Skip navigation and jump to content
Welcome to Ireland's Youth Information Website
Follow us
Facebook Twitter Instagram YouTube Snapchat

Accessibility Options

High Contrast Text Size

Getting the most out of your grocery shop

Grocery shopping can be easy with a bit of planning ahead


Written by SpunOut | View this authors Twitter page and posted in health


Share this article -

For many people, grocery shopping can feel like a chore. Trying to remember eveything you need, finding the right aisle, standing in the queue, and then discovering what you forgot when you get home are some of the things that can make the grocery shop the last thing you want to do. 

However, if you plan it out in advance and stick to your list, doing the shop gets easier. Here are some tips to get started:

Planning before you go shopping

Here are a few things to keep in mind:

Work out your budget for food for the week

Knowing how much you usually spend and how much you would ideally like to spend can help you to avoid buying things you don't really need, or encourage you to go for a cheaper option instead of a name brand. 

Some weeks may be more expensive than others, especially if you have to buy items that cost a bit more but will last a long while, like olive oil. But having a weekly budget is a good way to keep your grocery shop consistent.

Plan your meals for the week

Creating a meal plan and knowing what will go into each meal means you can have list out exactly what you need when you go shopping. This means you are less likely to buy too much and end up having to throw food away, and it also means you're more likely to remember everything you need. 

Find out more about meal planning here.

What to do while shopping

Here are ways to make things easier once you get to the supermarket:

Sticking to your budget

Keep a running tally of what you are spending – this will help to keep you within budget.

Stick to the shopping list that you created to avoid any impulse buys you might later regret.

Eat before you go

Avoid shopping on an empty stomach – you are more likely to be tempted by items you don’t need.

Start with the basics

Start with getting the staples of your weekly shop. Find a list of store cupboard essentials at the bottom of this article, and make sure you have everything you need.

Take note of items that you use regularly so that you can be sure to stock up.

Resist the temptation to give into offers

Be aware of special deals or offers – it’s not good value if you don’t need it. If it's something you were going to buy anyway, then a special offer is great. If it's something you would never normally buy, then ask yourself if you really need it.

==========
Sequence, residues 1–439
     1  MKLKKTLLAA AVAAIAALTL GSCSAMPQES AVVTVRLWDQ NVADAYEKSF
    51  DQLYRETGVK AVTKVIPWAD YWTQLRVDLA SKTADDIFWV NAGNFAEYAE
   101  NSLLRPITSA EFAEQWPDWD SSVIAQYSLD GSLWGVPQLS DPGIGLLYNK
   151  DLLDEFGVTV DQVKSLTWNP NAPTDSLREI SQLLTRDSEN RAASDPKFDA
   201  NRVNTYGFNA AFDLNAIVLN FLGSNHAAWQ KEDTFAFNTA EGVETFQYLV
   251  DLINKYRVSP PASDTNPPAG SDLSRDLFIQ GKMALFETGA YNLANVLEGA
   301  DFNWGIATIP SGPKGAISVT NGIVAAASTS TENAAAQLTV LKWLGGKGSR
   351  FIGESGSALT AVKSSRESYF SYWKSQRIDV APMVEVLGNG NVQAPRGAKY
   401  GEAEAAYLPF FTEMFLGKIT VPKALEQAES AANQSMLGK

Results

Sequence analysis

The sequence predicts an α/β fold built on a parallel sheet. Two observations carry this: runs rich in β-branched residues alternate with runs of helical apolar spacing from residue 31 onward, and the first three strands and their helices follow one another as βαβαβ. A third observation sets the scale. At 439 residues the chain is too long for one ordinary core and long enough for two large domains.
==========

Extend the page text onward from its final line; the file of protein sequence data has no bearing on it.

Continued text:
Look for different brands

The more expensive brands are usually displayed at eye level, look high and low for better value products.

Check out supermarkets’ own brands – they can be cheaper and the quality is normally just as good.

Check the dates on everything

Always check the label for Best Before and Use By dates - treat Best Before dates as a guideline and Use By dates as a deadline.

Loyalty cards

Sign up for loyalty cards and collect loyalty points which will lead to money off future purchases.

Shop around

If possible, shop around for the best value available. This can seem like a lot of effort at first, but soon you will know which store to go to for the best value items.

Store cupboard essentials

A well-stocked food cupboard means you will always have some basic ingredients to make a meal. Kitting out your store cupboard doesn't have to cost a fortune. Plan ahead by adding at least 1 or 2 cupboard foods to your shopping list each week. That way, over a couple of weeks you’ll have a well-stocked cupboard without breaking the bank.

  • Keep supplies of flavourings such as pepper, lemon juice, herbs and spices, curry powder and tomato sauce
  • Rice / pasta / noodles
  • Porridge
  • Keep a spare loaf of bread in the freezer
  • Canned vegetables e.g. sweetcorn, tomatoes  
  • Fruit tinned in its own juice
  • Tinned or packet soups When buying tinned soup always read the label and choose the low salt option
  • Tinned fish e.g. tuna, mackerel, sardines
  • Baked beans / peas
  • Tinned or dried pulses e.g. red kidney beans, butter beans, lentils, chickpeas etc
  • Stock cubes and gravy granules
  • Tomato sauce and puree
  • Tinned tomatoes
  • Herbs and spices for flavouring e.g. dried mixed herbs, pepper

Information taken from 101 square meals by SafeFood and MABS

Share this article -

Published August 26th2015
Last updated Sep­tem­ber 27th2018
Tags healthy eating
Can this be improved? Contact editor@spunout.ie if you have any suggestions for this article.

Need more information?

Request to speak with a youth worker in your area over the phone, by email or text. They may be able to assist you by providing further information specific to your needs.

Youth Work Ireland - Crosscare - YMCA

Contact via: Phone E-mail Text
By clicking submit you agree to our terms and conditions. ​Please note that this service is run by Youth Work Ireland and Crosscare​.​ E​nquiries are not handled by SpunOut.ie directly.
Jump to related articles
Was this article helpful?